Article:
'Astounding' Second-chance Cancer Drug Heading for FDA Approval

CNN/Stylemagazine.com Newswire | 7/13/2017, 1:08 p.m.
A new gene therapy drug, the first in its class, was recommended for approval to the US Food and Drug ...
A new gene therapy drug, the first in its class, was recommended for approval to the US Food and Drug Administration by an advisory committee on Wednesday, July 12, 2017. If approved by the FDA, the drug will be a new avenue for some leukemia patients whose first-line drugs have failed.

By Michael Nedelman

CNN

(CNN) -- A new gene therapy drug, the first in its class, was recommended for approval to the US Food and Drug Administration by an advisory committee on Wednesday. If approved by the FDA, the drug will be a new avenue for some leukemia patients whose first-line drugs have failed.

A panel of experts voted to endorse the immunotherapy drug, known as tisagenlecleucel, which treats a type of leukemia that is more common among children. Ten committee members voted in favor, and one left early without voting. None voted against.

The drug enables patients' own immune cells to recognize and kill the source of the cancer: a different immune cell gone awry.

"Which one wins is really the question of life or death," said Dr. Catherine Diefenbach, clinical director of NYU's Perlmutter Cancer Center. Diefenbach, who was not involved in researching the drug and has no ties to its manufacturer, Novartis, described its results as "astounding."

The research presented to the committee studied the drug as a treatment for the relapse of a blood cancer known as B-cell acute lymphoblastic leukemia, or ALL. This is the most common type of cancer among children, according to the National Cancer Institute.

Nearly 5,000 people were diagnosed with acute lymphoblastic leukemia in 2014, the most recent year on record, according to the US Centers for Disease Control and Prevention. Although more than half of those with this diagnosis were children and teens, they represented only 14% of those who died that year.

The vast majority of people with ALL recover through other treatments, including chemo, radiation and stem-cell transplantation. But if the cancer comes back, the prognosis can be dire.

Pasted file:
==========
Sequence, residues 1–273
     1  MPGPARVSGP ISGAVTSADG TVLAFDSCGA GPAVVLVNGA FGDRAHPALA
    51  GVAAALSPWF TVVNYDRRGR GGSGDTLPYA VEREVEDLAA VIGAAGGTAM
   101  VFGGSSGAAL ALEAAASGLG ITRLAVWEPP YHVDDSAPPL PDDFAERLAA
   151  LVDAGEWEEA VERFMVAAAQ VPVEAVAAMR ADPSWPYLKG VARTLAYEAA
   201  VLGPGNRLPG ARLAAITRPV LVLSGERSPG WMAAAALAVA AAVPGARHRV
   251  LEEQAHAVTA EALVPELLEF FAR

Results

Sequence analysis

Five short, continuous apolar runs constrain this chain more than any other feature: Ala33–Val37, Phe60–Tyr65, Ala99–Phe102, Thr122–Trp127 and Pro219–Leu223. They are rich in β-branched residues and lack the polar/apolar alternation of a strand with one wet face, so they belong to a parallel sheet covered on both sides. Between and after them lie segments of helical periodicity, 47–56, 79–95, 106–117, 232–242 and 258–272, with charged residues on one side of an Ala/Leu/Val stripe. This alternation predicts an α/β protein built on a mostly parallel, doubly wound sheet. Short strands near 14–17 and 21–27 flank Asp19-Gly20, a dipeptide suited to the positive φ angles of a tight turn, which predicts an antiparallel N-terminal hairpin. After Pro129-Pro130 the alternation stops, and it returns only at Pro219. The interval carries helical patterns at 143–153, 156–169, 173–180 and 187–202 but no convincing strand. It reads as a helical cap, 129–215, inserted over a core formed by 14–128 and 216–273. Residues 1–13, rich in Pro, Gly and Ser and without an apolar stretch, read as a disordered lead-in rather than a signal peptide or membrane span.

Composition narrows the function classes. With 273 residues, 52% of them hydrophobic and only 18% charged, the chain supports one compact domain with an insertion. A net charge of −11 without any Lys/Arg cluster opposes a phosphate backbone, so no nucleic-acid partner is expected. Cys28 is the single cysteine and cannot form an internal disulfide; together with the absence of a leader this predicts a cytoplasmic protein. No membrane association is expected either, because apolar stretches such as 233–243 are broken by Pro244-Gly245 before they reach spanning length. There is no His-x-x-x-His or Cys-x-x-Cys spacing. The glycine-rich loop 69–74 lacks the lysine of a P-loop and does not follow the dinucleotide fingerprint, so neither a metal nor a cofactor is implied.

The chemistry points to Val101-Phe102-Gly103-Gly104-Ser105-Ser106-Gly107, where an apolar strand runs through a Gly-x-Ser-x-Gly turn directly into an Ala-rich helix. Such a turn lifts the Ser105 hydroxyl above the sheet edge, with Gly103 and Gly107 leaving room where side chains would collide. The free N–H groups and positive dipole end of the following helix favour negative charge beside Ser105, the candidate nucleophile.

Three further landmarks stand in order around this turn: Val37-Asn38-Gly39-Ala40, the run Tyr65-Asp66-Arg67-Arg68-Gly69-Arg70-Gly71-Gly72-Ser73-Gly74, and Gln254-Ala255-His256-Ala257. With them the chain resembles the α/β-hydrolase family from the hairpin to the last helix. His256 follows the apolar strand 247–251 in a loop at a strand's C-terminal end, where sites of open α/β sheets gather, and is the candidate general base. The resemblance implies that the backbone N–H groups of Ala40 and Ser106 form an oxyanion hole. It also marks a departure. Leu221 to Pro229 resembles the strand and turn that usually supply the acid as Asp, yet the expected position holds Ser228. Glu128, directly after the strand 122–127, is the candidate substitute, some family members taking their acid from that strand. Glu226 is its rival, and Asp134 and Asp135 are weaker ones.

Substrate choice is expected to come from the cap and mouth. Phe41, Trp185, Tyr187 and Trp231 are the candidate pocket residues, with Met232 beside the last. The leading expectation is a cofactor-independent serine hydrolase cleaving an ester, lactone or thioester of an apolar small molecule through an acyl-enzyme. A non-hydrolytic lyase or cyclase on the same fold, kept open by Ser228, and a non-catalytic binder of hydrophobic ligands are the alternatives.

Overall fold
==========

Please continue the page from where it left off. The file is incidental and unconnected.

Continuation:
"The patients who are left behind when chemotherapy doesn't work are left in really tough shape," Dr. Stephan Grupp, director of the Cancer Immunotherapy Program at Children's Hospital of Pennsylvania, said Wednesday at the FDA advisory committee's meeting. His hospital is one of 26 clinical centers that participated in the study, and he served as the lead investigator there. As such, he has studied and treated patients with tisagenlecleucel for over five years and receives research support from Novartis.

But the drug has side effects that can be fatal, such as cytokine release syndrome or CRS, which "looks like sepsis" and causes blood pressure to drop dangerously low, said Diefenbach. This could limit the drug's availability to those hospitals that are specially equipped to deal with this complication, she added.

In this pivotal study informing the committee's decision, roughly half of 68 patients receiving the drug experienced this complication, though none died from it.

Slightly fewer patients experienced neurological side effects, such as seizures and hallucinations, according to the committee's briefing document.

And because the treatment kills one type of immune cell, patients are more likely to come down with certain infections. At least three patients died with various infections -- including viral, bacterial and fungal -- more than a month after the drug's one-time infusion, according to the brief.